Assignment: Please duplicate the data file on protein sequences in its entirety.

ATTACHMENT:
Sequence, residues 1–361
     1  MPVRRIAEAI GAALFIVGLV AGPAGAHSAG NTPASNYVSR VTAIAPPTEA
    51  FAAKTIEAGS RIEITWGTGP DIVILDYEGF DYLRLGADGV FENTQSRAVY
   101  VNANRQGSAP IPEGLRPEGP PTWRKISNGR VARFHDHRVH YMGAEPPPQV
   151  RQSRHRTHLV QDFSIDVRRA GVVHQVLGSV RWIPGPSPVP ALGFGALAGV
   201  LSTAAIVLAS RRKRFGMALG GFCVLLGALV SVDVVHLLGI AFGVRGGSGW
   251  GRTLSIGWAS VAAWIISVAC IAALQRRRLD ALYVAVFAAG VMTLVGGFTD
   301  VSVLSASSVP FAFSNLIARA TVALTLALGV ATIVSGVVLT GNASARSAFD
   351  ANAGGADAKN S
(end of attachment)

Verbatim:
Sequence, residues 1–361
     1  MPVRRIAEAI GAALFIVGLV AGPAGAHSAG NTPASNYVSR VTAIAPPTEA
    51  FAAKTIEAGS RIEITWGTGP DIVILDYEGF DYLRLGADGV FENTQSRAVY
   101  VNANRQGSAP IPEGLRPEGP PTWRKISNGR VARFHDHRVH YMGAEPPPQV
   151  RQSRHRTHLV QDFSIDVRRA GVVHQVLGSV RWIPGPSPVP ALGFGALAGV
   201  LSTAAIVLAS RRKRFGMALG GFCVLLGALV SVDVVHLLGI AFGVRGGSGW
   251  GRTLSIGWAS VAAWIISVAC IAALQRRRLD ALYVAVFAAG VMTLVGGFTD
   301  VSVLSASSVP FAFSNLIARA TVALTLALGV ATIVSGVVLT GNASARSAFD
   351  ANAGGADAKN S